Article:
I don’t want to break any windows, but I have a wish:     

I wish I could sell my house.

Oh, to downsize! To get out from under the burden of this wonderful, expensive, top of the market house. But did you know it takes money to save money? In this market, with today’s buyers, it would take a lot of money.

Extended unemployment + child in college = Money we don’t have.

 We also don’t have raccoons or bats or flood damage, and the windows are all new. We do have— and what a shock– Signs of Life. Yes, we have a few scuffs. We have actually lived in this house. If you watch HGTV, you get the impression that current buyers want every home to be an unlived-in model home! It would take considerable money to make my lived-in home sell like a model home.

In order to save money, it would cost money.

Downsizing takes money.

Like the lack of compromise, another strange new rule.

The leftover remodeling materials I am downsizing today have been in our basement since we bought the house 5 years ago. Maybe I could sell it all, but Habitat for Humanity said they take this kind of stuff. No money, but out of my house and to a worthy cause?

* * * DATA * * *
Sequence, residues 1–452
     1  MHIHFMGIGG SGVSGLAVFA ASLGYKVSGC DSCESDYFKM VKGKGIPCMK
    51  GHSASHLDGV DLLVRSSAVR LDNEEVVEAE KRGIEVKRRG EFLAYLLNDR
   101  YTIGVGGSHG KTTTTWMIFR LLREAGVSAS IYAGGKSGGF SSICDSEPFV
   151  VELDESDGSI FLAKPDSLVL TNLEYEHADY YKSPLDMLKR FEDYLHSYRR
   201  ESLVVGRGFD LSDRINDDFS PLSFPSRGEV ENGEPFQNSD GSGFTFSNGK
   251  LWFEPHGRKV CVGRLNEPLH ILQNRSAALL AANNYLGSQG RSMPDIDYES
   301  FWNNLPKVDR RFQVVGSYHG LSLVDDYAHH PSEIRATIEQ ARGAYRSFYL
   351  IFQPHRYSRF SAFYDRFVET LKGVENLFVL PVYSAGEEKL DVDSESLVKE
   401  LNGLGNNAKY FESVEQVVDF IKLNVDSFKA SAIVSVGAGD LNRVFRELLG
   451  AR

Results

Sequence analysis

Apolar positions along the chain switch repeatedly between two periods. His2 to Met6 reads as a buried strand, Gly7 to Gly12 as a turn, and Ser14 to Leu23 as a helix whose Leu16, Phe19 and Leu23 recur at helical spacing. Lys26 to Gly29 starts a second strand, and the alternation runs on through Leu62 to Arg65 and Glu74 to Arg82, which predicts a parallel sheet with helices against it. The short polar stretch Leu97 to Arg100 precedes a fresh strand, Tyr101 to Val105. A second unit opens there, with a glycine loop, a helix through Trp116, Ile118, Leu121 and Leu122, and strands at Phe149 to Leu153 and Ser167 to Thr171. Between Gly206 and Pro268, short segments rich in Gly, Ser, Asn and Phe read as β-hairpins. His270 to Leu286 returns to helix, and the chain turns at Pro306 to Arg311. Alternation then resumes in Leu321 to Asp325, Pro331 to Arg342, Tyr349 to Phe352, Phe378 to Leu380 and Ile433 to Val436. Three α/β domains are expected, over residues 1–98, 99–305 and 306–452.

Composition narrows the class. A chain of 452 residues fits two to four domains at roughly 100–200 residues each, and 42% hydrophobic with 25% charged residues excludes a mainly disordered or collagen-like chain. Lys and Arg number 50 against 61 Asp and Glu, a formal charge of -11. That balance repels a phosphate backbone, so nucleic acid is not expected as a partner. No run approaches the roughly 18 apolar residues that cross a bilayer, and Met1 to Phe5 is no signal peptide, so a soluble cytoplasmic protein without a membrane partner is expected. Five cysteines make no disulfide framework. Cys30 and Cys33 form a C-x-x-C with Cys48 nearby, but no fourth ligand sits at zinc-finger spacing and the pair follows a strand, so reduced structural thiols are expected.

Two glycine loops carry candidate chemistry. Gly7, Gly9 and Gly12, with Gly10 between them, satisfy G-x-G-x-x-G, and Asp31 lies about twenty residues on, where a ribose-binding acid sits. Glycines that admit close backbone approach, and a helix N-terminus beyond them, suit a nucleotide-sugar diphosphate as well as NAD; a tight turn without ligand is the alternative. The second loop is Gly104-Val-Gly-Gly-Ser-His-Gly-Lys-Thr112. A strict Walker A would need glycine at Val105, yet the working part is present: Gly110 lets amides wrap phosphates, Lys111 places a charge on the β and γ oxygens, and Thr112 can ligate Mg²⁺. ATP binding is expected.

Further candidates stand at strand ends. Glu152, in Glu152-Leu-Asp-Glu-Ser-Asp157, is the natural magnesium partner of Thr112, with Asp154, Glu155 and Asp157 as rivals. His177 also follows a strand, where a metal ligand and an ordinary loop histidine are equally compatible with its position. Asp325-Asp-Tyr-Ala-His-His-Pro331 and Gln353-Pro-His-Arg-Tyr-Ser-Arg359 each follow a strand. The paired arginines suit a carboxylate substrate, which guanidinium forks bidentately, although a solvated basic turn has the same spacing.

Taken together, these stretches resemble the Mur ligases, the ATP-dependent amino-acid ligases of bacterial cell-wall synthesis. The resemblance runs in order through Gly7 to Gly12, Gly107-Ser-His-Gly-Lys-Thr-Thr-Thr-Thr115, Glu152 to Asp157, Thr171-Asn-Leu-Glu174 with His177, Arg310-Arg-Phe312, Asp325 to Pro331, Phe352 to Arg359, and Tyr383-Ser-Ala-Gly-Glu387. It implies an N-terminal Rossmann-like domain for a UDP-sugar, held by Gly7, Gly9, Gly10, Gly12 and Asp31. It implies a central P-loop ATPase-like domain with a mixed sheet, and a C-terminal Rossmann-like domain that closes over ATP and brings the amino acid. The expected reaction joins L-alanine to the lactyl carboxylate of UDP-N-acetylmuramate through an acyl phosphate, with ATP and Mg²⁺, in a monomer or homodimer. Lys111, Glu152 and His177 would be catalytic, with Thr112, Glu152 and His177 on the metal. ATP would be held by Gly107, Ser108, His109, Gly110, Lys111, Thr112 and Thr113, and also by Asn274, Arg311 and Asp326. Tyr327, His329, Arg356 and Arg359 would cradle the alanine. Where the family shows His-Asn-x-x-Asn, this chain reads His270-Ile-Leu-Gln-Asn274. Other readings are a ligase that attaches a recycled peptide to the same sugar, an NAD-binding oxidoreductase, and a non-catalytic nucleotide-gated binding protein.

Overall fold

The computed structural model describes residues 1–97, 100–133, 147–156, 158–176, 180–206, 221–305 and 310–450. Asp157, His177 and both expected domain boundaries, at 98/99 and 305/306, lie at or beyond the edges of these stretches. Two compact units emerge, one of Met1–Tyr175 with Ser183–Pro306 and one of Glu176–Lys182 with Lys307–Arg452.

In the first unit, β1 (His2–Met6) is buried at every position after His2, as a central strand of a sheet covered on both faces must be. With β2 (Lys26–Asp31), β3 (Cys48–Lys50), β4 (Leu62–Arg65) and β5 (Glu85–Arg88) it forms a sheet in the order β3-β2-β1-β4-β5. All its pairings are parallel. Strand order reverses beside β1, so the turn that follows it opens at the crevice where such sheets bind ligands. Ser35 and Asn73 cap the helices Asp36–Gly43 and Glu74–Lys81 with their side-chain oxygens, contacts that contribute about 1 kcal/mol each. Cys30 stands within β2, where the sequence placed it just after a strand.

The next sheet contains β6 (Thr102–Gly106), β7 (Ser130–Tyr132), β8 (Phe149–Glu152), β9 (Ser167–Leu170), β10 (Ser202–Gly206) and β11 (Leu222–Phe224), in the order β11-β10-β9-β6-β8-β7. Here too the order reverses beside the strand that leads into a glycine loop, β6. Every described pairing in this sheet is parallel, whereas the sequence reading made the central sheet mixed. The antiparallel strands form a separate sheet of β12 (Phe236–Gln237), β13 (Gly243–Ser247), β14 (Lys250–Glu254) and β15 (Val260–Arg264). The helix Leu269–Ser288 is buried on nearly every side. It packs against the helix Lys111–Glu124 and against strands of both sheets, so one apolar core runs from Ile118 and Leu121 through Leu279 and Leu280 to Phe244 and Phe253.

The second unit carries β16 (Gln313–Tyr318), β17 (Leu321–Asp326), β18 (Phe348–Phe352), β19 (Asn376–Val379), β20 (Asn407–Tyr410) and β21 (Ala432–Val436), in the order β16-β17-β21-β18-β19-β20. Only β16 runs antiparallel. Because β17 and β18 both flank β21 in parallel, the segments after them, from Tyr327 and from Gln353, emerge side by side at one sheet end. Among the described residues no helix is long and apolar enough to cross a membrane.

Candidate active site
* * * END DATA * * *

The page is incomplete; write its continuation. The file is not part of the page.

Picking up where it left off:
That’s a great compromise.

Shedding New Light

08/09/2011

shedding light unintentionally

Urgency Day 14

500 Things Item 479: Floor Lamp

  • History: Years-ago IKEA purchase endured even after the bulb burned through the plastic shade
  • Value: Lights but the burnt plastic smell has been pretty unappealing
  • Parting Pain: Nope
  • Un-possessing: Donation—maybe someone can replace the shade… or doesn’t mind the smell

Who doesn’t love a fresh perspective?

Especially when you’ve been muddling along for a while, stuck in old patterns, just phoning it in.

I definitely have been muddling for much of the recent present, mostly getting Sam organized for his launch. People are often oblivious to their own muddling. I am no exception.